AT&T developing early warning tool

AT&T developing early warning tool

AT&T Labs is developing a new kind of traffic analysis tool — dubbed Internet Protect — that is designed to provide corporate customers with earlier indications of network attacks.

Although Internet Protect is being kept under wraps, AT&T confirmed it was conducting an early test of this tool with several large corporations. With Internet Protect, AT&T has set up a special Web portal to provide a steady stream of information about anything out of the ordinary its network operators see, particularly on the Internet.

“Worms don’t always fire off and work perfectly,” chief information security officer at AT&T, Ed Amoroso, said. “We see all the test attempts. We see the fizzled versions of stuff in advance. We’re trying to change the nature of our relationship with customers so when we see ... indicators of something that fizzled, we tell everybody.”

AT&T officials would not say when Internet Protect would be commercially available or whether it would be offered under the Internet Protect brand. But they did say it would be complementary to intrusion-detection systems.

“We’re trying to take this internal technology and extend it to CIOs in the enterprise ... It’s a technology that’s very promising,” Amoroso said.

Internet Protect is part of a larger initiative across AT&T Labs to improve the security and reliability of AT&T’s increasingly IP-based network infrastructure.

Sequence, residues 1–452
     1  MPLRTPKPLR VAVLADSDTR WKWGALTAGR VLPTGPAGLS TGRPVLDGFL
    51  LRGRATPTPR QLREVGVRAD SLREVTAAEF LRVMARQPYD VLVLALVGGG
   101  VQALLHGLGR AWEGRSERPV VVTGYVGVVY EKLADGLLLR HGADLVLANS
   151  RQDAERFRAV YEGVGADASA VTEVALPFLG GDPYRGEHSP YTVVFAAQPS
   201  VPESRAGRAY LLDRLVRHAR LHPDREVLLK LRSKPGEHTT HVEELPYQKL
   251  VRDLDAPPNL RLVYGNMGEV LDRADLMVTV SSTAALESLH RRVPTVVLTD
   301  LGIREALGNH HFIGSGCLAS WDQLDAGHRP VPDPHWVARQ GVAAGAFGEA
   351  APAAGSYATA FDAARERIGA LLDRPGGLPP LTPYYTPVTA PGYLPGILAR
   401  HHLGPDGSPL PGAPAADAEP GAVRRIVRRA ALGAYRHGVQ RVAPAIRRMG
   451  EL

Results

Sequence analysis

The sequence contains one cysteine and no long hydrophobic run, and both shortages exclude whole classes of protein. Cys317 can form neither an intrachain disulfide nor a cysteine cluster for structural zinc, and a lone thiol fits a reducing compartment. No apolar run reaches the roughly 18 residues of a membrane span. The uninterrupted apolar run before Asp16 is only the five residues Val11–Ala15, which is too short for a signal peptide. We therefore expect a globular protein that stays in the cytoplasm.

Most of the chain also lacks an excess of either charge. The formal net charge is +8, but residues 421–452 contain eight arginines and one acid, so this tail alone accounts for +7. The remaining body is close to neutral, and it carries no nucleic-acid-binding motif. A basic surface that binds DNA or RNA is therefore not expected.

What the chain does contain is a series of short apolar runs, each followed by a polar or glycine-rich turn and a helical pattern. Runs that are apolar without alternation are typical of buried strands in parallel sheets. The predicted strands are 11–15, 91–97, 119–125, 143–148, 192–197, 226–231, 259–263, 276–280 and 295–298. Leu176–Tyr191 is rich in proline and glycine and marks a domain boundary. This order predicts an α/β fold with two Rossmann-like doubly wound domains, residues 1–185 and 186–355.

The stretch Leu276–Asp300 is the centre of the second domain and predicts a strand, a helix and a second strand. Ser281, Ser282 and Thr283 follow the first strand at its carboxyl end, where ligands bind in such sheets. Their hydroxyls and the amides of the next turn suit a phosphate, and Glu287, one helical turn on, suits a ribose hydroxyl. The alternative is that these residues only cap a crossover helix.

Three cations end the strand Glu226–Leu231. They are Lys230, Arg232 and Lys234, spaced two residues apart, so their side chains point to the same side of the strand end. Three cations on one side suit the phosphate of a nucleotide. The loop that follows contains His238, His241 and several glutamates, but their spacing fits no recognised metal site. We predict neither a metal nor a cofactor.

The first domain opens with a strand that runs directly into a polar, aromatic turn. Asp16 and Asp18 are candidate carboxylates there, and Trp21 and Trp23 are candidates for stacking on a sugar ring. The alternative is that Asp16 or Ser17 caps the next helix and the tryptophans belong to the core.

“Network attacks are clearly on the rise,” AT&T chief technology and information officer and president of AT&T Labs, Hossein Eslambolchi, said. “We have seen more attacks in the last six months than we’ve seen in the last 10 years.”

Eslambolchi said security was one of six strategic areas of research for AT&T Labs.

“We are looking at innovations” related to network-based security, Eslambolchi said. “We need better ways of doing forensic analysis of viruses and worms.”

As an example, Eslambolchi pointed to the MS-SQL Slammer worm, which was reported on the Internet in January.

AT&T saw anomalies in its network three to four weeks before that worm hit and was able to take certain precautions.

“When the worm actually happened, AT&T’s network did not take a hit,” Eslambolchi said.

Amoroso said the rise in network attacks that AT&T was seeing could be attributed to the growing number of vulnerabilities in commercial operating systems and applications that could be exploited easily by writing worms.

With Internet Protect, AT&T will use internally developed traffic analysis tools to look for anomalies such as traffic spikes, traffic drop-offs and unusual protocols in use.

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